Let’s protect and preserve our heritage sites
For the past many weeks now the space in the newspapers has remained filled with news stories and articles about the loss of the 200-year-old Dastageer Sahab Shrine in the downtown of Srinagar city. This shrine had as much historic significance as it had a heritage value and thus the loss is colossal. Since the day the shrine got gutted in a horrifying inferno, the value of every other heritage site suddenly seems priceless. And as the inheritors of this rich heritage and architectural marvels, we now feel a need for their preservation and maintenance.
Incidents like these, which deprive us of our cherished past, can be one-off. Whether or not this could have been averted, as is being argued by many, is a moot point. There are a number of incidents which may not be as horrifying and destructive, but yes, these sites are facing a perennial threat as they are being defaced and disfigured. There are umpteen examples which can be cited.
To find solace in its serene surroundings and revisit the good times, I recently visited my Alma Mater, S P College, after nearly seven years. The College is one of the oldest in Srinagar and a few years back observed its centenary celebrations. As a student I was always astonished by its heritage buildings—more particularly the one which houses the principal's office—nestled in the shades of majestic chinars and surrounded by verdant, well-kempt parks and avenues. On my visit I was shocked to see the wanton destruction going on in the name of construction of some new building or department in the backside lawns. A concrete monster, completely incongruous with the elegant heritage structures, is being built there. And all this is going on without thinking about the existing layout of the campus and with utter disregard of aesthetics. Isn’t this the destruction of our heritage sites? One may argue that the college needs to cater to more students and may need more infrastructure in the form of buildings, but then these new structures do not need to be a clone of the old heritage ones, but could be constructed in a way so that these are in sync with the surroundings. The existing buildings, which still look elegant decades after they were built, should not be defaced.
A visit to the "picturesque" Kashmir University campus proved equally distressing. In the campus my eye was caught by a humongous green concrete building alongside one of the oldest and most elegant buildings on the campus: the erstwhile Arts Block. This new concrete structure or the humanities block is completely out of place with the surroundings, and its very existence there is a defacement of the building standing by its side. Isn’t this the destruction of our heritage?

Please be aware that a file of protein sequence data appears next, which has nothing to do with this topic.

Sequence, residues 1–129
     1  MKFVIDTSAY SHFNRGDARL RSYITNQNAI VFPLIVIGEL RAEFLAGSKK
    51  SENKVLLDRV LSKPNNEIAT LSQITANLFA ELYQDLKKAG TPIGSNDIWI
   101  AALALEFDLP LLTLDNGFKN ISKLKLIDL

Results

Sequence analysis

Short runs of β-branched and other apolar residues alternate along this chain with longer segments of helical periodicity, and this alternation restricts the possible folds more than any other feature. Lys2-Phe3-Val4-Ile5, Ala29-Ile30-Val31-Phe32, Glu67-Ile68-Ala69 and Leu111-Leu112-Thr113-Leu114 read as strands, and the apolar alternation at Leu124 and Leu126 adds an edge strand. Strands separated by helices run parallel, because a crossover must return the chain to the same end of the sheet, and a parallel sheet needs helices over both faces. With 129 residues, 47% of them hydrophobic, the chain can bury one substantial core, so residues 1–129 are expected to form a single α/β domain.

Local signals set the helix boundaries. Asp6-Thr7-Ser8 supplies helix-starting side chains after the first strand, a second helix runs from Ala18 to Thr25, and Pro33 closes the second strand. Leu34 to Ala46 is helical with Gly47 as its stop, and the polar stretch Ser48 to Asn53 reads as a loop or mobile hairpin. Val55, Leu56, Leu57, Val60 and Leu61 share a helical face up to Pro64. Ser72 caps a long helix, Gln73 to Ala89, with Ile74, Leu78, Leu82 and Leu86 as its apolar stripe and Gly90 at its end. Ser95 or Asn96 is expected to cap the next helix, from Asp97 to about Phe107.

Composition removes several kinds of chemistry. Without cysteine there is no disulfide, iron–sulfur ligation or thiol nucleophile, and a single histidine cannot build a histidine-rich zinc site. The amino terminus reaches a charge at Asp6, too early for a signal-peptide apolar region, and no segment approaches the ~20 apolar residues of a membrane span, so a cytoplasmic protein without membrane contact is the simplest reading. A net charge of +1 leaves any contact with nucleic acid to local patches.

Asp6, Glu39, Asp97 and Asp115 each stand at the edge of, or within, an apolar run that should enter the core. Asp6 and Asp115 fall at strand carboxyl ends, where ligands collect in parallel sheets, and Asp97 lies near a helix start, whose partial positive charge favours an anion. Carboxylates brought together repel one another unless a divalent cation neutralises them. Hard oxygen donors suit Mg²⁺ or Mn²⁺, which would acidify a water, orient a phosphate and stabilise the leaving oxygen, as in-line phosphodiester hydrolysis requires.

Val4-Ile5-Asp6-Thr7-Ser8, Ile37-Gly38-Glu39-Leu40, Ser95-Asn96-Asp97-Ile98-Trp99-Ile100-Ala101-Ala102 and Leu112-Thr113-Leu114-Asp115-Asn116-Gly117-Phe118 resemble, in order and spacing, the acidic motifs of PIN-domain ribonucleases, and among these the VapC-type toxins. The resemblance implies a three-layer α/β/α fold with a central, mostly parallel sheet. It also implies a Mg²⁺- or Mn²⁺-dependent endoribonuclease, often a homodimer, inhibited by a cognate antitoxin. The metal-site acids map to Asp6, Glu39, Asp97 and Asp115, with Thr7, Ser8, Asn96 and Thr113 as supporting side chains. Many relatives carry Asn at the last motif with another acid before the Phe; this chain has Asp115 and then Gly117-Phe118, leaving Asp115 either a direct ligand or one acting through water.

My batch-mate friend, who had come home for holidays, was equally saddened to see this towering structure spoiling the otherwise charming campus. Disappointed, we decided to take a stroll through the Naseem Bagh. And it was more upsetting. While Naseem Bagh has been developed into a chinar heritage park, another concrete structure named "guest house" has been erected in the midst of the park, completely incongruous with the surroundings unlike other wooden barracks which at least fall in line with the milieu. Rue. That’s all we could do.
Like any other structures, our vernacular architectural heritage faces natural threats. However, in our case the threats are man-made and are proving more detrimental for these sites while no one seems to bother. Or is it when we lose them completely, like the shrine at Khanyar, that we may feel concerned towards these sites. If the defacement and disregard towards these sites continues, and if we continue to dot our landscape with concrete jungle, we would soon be bereft of what we have inherited and what we see as our identity.
Heritage doesn't belong to any particular individual or any particular department or government body—even if it may have a mandate to "preserve and promote" these sites. It’s an asset which belongs to the people collectively as a nation. And we as inheritors of this legacy need to check this menace. Through signboards, newspaper adverts, we are informed that "defacement of macadamised roads is a crime and violators will be prosecuted." One wonders is there an exemption in case of the defacement of heritage sites?
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Lastupdate on : Sun, 5 Aug 2012 21:30:00 Makkah time
Lastupdate on : Sun, 5 Aug 2012 18:30:00 GMT
Lastupdate on : Mon, 6 Aug 2012 00:00:00 IST
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